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Quantitation of key odorants in arginine/cysteine-glucose Maillard reactions

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Title
Quantitation of key odorants in arginine/cysteine-glucose Maillard reactions
Name (type = personal)
NamePart (type = family)
Cannon
NamePart (type = given)
Robert J.
NamePart (type = date)
1983-
DisplayForm
Robert J. Cannon
Role
RoleTerm (authority = RULIB)
author
Name (type = personal)
NamePart (type = family)
HO
NamePart (type = given)
CHI-TANG
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CHI-TANG HO
Affiliation
Advisory Committee
Role
RoleTerm (authority = RULIB)
chair
Name (type = corporate)
NamePart
Rutgers University
Role
RoleTerm (authority = RULIB)
degree grantor
Name (type = corporate)
NamePart
School of Graduate Studies
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school
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Text
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theses
OriginInfo
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2019
DateOther (qualifier = exact); (type = degree)
2019-05
CopyrightDate (encoding = w3cdtf); (qualifier = exact)
2019
Language
LanguageTerm (authority = ISO 639-3:2007); (type = text)
English
Abstract (type = abstract)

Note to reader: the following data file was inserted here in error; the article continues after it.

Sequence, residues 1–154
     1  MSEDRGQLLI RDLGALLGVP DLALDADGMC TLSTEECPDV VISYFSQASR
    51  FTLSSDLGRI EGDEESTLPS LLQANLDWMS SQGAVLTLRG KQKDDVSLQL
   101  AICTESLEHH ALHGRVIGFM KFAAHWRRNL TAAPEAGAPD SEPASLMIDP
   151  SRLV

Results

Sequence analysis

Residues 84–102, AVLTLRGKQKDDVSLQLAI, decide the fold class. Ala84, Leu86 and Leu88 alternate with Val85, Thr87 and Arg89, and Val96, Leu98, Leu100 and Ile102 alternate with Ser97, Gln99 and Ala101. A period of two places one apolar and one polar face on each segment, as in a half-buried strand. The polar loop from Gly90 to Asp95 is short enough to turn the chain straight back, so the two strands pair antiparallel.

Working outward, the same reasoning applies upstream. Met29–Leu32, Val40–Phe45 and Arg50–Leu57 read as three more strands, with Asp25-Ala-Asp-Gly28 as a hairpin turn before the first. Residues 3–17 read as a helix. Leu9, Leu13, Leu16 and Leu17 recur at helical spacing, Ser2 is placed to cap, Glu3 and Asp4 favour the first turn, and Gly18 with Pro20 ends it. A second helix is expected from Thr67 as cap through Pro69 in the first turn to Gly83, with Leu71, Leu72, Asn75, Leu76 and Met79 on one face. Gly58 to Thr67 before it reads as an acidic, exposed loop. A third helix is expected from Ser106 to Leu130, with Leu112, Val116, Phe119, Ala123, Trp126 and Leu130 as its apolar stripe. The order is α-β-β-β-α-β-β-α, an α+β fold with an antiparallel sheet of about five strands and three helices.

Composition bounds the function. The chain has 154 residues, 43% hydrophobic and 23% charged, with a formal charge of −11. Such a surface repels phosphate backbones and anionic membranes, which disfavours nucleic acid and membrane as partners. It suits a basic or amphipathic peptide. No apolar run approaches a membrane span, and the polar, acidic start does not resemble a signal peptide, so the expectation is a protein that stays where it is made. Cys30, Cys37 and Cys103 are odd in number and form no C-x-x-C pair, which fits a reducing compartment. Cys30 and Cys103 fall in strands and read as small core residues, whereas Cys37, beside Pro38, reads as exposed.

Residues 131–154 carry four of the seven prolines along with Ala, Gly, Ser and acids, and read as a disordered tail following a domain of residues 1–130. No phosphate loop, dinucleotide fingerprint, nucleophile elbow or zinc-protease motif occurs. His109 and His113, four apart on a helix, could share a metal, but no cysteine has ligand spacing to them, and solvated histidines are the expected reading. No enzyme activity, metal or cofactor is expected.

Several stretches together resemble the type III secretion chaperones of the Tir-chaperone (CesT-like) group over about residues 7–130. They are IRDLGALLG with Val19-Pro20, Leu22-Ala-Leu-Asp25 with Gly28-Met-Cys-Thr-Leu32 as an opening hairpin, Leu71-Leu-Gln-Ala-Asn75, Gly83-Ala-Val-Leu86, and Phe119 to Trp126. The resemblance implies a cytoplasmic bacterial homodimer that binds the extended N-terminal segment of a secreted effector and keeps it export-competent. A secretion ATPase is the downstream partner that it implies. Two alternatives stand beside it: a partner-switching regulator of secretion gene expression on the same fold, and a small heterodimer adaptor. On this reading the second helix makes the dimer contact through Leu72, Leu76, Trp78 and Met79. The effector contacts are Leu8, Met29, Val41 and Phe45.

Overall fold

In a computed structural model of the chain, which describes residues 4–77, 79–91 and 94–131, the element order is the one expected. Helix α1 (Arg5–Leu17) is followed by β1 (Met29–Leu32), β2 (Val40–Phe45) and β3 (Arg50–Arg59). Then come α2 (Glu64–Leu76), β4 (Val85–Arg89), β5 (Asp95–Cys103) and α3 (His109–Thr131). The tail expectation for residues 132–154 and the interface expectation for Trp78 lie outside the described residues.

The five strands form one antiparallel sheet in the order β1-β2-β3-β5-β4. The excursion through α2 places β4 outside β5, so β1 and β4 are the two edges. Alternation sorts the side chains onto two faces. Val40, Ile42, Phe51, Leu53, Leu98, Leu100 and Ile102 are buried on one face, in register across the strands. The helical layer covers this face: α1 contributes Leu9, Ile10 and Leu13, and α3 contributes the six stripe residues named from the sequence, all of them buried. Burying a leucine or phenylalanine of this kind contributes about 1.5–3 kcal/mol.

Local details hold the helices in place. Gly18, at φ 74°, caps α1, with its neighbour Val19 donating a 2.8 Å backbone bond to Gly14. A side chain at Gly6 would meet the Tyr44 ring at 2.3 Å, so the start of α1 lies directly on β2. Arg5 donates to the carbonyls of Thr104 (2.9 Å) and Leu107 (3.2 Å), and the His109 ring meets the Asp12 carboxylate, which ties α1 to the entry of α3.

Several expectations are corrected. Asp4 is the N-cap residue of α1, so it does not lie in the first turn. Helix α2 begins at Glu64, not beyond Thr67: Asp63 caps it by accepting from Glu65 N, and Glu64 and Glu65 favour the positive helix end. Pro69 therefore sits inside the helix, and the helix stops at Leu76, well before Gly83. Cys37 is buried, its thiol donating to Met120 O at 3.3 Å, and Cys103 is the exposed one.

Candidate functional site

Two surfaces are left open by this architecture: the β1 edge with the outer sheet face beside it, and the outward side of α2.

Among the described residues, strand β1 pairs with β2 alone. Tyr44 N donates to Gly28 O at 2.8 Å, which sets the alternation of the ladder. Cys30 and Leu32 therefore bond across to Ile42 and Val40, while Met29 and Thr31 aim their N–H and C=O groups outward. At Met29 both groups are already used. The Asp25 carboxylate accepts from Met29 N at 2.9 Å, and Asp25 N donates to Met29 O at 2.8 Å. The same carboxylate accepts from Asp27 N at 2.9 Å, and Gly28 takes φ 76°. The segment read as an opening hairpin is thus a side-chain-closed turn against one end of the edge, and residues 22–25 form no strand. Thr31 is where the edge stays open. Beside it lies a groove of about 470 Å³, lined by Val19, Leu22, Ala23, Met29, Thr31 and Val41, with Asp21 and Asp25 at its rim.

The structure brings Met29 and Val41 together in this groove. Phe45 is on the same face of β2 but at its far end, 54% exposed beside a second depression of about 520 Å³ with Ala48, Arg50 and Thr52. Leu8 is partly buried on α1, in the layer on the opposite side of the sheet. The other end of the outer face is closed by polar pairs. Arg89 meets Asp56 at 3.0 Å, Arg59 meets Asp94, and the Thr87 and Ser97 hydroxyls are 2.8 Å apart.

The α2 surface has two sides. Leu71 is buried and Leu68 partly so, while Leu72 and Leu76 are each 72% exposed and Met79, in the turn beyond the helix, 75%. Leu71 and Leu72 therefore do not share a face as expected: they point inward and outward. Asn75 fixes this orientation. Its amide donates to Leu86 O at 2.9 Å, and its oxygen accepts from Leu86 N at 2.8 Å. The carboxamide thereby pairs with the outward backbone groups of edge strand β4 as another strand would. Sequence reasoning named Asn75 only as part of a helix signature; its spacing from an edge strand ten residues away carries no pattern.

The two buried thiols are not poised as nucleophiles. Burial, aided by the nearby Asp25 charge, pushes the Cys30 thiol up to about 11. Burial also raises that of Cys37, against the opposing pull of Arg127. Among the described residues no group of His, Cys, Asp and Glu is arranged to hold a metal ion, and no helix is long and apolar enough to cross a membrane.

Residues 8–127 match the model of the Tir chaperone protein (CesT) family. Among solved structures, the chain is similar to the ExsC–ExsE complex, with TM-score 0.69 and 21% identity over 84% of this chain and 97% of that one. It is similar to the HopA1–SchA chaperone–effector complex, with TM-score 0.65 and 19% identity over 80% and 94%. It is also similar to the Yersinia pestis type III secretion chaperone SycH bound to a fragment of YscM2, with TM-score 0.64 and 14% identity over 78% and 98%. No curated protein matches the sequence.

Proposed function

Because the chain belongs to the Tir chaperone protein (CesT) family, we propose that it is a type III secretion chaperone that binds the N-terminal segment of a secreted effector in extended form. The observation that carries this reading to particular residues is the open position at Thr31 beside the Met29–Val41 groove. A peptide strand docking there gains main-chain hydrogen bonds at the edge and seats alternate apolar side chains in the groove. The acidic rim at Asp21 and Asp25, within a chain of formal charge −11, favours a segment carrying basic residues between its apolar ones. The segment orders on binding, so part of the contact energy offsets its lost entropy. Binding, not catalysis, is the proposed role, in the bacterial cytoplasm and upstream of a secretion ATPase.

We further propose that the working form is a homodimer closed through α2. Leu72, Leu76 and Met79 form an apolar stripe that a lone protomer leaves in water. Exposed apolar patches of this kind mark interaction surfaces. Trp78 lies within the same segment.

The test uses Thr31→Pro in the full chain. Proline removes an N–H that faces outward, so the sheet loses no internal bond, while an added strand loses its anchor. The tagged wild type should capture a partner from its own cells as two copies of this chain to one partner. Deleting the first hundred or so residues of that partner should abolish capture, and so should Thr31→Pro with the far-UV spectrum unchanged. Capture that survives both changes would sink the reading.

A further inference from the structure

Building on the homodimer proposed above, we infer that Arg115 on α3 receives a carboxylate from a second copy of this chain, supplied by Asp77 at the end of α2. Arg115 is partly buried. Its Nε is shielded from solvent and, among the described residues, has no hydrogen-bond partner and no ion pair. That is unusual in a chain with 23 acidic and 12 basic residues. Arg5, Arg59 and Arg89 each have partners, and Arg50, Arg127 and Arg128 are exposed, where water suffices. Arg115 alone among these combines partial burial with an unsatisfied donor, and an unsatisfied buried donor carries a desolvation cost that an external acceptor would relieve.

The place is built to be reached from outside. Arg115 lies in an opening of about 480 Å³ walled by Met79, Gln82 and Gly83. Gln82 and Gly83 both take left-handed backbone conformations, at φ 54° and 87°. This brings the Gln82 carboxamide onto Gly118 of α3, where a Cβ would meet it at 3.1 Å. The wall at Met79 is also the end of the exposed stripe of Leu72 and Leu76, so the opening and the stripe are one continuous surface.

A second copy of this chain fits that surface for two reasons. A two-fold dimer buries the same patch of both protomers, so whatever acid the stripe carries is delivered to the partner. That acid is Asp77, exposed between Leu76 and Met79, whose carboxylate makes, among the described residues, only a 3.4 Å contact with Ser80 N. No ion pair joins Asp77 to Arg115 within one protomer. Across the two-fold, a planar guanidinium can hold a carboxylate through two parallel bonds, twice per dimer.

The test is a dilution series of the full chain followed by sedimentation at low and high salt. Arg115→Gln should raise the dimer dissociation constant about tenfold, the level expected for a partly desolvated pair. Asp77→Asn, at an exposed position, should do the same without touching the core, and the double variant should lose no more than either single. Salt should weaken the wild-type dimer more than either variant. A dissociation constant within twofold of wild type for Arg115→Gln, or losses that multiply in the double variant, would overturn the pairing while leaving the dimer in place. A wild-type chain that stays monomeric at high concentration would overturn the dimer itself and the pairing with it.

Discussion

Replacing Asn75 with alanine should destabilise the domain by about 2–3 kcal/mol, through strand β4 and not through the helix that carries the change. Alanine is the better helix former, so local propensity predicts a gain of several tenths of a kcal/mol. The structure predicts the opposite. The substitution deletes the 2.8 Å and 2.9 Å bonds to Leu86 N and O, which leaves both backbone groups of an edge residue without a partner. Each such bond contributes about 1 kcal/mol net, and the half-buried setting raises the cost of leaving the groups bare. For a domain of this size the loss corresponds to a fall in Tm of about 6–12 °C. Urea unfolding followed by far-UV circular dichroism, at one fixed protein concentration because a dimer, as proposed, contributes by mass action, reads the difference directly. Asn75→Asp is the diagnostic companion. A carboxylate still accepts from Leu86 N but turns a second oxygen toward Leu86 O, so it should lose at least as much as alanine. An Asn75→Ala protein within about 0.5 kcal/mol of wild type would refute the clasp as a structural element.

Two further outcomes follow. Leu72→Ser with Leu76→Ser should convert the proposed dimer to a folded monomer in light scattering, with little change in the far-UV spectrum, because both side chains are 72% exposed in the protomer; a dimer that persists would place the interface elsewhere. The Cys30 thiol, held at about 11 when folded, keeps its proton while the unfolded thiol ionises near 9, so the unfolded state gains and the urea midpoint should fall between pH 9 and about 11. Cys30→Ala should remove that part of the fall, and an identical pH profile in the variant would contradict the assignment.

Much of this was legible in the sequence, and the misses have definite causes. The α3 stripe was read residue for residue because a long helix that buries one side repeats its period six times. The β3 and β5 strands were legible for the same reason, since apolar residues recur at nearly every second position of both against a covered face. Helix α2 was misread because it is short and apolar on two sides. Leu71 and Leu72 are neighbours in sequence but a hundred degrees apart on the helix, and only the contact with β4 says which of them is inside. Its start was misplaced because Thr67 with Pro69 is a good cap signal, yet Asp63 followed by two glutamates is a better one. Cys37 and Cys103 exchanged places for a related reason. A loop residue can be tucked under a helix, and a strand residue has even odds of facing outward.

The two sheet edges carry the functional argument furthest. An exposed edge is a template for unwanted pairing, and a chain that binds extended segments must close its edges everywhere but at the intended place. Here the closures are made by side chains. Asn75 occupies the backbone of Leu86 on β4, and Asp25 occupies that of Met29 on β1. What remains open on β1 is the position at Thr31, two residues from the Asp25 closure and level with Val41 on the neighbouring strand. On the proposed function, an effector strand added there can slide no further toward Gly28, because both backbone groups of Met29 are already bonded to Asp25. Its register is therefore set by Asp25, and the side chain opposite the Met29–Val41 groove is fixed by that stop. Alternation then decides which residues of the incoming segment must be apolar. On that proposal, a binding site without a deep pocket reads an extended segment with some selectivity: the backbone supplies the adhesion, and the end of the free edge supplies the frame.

Unlike many other named reactions in organic chemistry, the Maillard reaction is not a clearly defined single pathway. Instead, it is one of the most complex processes in food chemistry. Maillard reactions studied in the literature over the last fifty years have focused either on simple model systems or complex culinary processes. The next step in our understanding of Maillard reactions is to bridge the gap between these simple and complex systems. By adding more than one amino acid to a model system, we aim to better understand the different mechanisms for which certain aroma compounds are formed.
In this study, L-arginine and L-cysteine were selected as the two amino acids in the thermal reaction with glucose. Found most abundantly in turkey and chicken, arginine is a basic, polar amino acid that has not been well studied in terms of its generation of volatile compounds from the Maillard reaction. In contrast, L-cysteine, an amino acid found in meat and poultry, has been studied in detail. Using different reaction conditions, the key odorants from several arginine-cysteine/glucose model studies were identified and quantified by gas chromatography-mass spectrometry (GC-MS) and gas chromatography-olfactometry (GC-O).
Attention was given to the extraction procedure used for the isolation of the aroma compounds. The methodology of Likens-Nickerson extraction, better known as steam distillation extraction (SDE), has often been used in the literature to isolate the aroma compounds from Maillard reactions. A comparison of several data sets will show that solvent assisted flavor evaporation (SAFE) is a more preferred method for the isolation and recovery of a wide range of key odorants. This is evident in the quantitation of hydrophilic, mercapto acids, including 2-mercaptopropionic acid and 3-mercaptopropionic acid. The physico-chemical properties (log10Pow) and the mechanisms of formation will be discussed for both compounds.